Soap, kerosene, washing soda, borax, lye, ammonia, whiting, rottenstone, bath brick, steel wool.
Then we shall need brooms, brushes, carpet-sweeper, vacuum cleaner, and rags and cloths of many sorts and kinds. It is AWFUL to be on a stepladder cleaning a window only to discover that the cloth is too wet and there is not another dry piece unless someone finds the rag bag and digs one up. One evening spent assembling all the rags needed for the whole campaign would be time well spent.
One part of housecleaning time is EATING. One reason why so many women practically collapse during some of the long, difficult jobs that housekeeping may involve, is because they think it part of their devotion and perhaps somewhat religious not to “bother about eating.” If they treated their prize chicks like that–! Part of the real fun of housecleaning should be to see how easily and jollily one can pull it through. Lay in picnic eats. Huge crocks of cookies and doughnuts; a big pan of gingerbread; several dozen rolls that can be heated in the steamer or oven; an especially fine ham; an extraordinarily good meatloaf; some of the very best of the canned goods and preserves: these things to have at housecleaning time and they can be ready beforehand.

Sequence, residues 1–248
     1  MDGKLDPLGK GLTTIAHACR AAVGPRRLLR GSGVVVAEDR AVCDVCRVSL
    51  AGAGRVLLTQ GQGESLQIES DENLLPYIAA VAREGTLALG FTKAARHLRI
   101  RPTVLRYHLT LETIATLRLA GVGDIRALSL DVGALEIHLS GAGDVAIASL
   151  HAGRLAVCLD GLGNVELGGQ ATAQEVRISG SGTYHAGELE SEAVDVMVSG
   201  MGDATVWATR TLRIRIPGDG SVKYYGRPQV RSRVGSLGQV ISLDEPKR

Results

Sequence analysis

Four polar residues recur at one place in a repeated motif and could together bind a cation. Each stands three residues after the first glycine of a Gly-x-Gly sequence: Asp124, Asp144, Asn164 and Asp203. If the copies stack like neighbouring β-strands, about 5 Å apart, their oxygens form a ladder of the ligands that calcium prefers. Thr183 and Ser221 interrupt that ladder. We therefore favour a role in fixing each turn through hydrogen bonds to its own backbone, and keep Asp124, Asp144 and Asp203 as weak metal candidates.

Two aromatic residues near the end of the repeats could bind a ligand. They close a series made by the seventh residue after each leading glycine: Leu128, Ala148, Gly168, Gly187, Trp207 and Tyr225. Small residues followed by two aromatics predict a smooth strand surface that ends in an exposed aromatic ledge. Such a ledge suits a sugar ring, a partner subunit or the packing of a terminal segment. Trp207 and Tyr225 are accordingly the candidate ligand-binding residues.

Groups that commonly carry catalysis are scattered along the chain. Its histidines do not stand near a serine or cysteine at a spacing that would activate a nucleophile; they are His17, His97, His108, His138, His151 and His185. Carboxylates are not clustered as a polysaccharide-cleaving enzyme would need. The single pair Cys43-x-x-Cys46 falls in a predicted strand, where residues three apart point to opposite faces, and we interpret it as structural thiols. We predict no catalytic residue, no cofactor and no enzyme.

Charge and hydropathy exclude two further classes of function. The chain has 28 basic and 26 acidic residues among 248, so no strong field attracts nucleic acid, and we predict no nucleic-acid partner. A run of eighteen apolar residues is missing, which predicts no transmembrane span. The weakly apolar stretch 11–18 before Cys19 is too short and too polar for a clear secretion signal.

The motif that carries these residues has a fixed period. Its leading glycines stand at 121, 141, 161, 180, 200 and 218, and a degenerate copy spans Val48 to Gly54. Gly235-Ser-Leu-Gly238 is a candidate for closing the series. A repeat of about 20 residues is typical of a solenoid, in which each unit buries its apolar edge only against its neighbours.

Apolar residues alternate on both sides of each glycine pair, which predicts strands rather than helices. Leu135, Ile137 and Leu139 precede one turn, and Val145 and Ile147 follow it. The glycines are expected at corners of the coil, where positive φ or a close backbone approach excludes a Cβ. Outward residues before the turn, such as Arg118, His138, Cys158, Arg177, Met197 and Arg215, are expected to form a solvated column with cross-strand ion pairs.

Women should learn the secret of the rest-lunch. When we are under a prolonged strain of work, we should eat little and often. A tin container filled with some tasty sandwiches which can be easily fished out and eaten while one perches on the upturned mattress for a five-minute rest is a magic-worker. It is foolishness to think one can go and go and tug and tug and not pay the piper. When I have to do a long stint of hard work, I eat a little every two hours and gain great help thereby. I call it stoking the inner fire.